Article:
And there we touch on the next issue I want to mention. Undoubtedly life was hard for women in the 18th century. Undoubtedly they were treated as inferior to men, there was systematic discrimination and abuse commonplace. Unfortunately it would seem as Laestadius focuses so much on showing this brutal reality, that it tips over heavily into sensationalism.

Now don’t get me wrong. I have no issue with graphic descriptions of violence, or even of sexual abuse, when it is justified and well written. I do not however like to be whacked over the head with yet another rape scene when it seems to be there for the sole purpose of making the reader gasp at how terrible everything is.

The feminist agenda runs through the novel from start to finish. Which, one might think, should be a good thing. Sadly it is done so clumsily that the whole thing feels a bit like a large piece of propaganda. Male characters are all abusive, bordering on insane, or womanizers. Female characters are all almost exclusively victims of the patriarchy, while being clever, beautiful, modern, and most importantly good. Male characters only think of furthering their power or satisfying their lust. Female characters are interested in philosophy, charity, love and literature. A man who is cheating on his wife is ridiculed as a horndog. A wife cheating on her husband is strong and and rightfully looking to her own pleasure. The difference in how male and female characters are created, and how they are portrayed, couldn’t be more obvious. They come across as stereotypes created to serve a political purpose, not as believable characters.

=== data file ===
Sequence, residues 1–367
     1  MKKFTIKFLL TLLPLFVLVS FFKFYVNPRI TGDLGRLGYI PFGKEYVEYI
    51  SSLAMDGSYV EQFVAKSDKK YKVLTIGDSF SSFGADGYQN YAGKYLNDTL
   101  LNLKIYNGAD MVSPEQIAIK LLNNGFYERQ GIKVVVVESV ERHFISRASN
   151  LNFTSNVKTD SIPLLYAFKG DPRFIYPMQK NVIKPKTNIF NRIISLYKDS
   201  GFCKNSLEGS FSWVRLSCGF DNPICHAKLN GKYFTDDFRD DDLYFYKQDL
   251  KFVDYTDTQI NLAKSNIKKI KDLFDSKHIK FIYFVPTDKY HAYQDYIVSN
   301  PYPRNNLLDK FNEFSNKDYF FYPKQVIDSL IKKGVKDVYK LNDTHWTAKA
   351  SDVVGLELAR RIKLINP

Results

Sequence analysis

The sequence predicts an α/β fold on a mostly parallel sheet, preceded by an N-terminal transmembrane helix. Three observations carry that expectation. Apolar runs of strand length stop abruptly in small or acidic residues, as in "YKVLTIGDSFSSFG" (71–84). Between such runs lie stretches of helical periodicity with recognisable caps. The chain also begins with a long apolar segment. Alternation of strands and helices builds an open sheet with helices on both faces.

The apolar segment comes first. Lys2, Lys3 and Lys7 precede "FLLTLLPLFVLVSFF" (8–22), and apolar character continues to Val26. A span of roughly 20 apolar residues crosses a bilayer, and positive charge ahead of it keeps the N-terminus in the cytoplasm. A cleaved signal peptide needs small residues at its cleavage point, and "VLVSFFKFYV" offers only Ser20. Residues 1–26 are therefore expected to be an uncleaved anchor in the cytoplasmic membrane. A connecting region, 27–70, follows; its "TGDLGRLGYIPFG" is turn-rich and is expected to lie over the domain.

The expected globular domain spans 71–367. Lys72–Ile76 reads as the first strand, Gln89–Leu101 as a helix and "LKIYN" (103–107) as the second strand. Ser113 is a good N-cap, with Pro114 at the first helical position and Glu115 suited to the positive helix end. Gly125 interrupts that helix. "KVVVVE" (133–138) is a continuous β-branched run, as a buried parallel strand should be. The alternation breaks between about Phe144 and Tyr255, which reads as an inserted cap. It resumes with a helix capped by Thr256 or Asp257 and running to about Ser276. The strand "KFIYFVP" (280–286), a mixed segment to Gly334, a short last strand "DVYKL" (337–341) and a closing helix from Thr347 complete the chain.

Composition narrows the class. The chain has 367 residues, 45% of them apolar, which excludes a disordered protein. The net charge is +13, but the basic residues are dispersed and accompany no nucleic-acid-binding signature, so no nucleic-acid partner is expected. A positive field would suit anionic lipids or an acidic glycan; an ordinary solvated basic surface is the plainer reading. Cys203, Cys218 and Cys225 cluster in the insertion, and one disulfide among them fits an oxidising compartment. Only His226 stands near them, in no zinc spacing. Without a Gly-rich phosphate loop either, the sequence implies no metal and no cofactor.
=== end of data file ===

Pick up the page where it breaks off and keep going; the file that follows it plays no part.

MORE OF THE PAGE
Do I have nothing good to say about this book? Well, the actual historical figures that lie behind are absolutely fascinating, I’ll give you that. But as literature goes, I wouldn’t recommend it.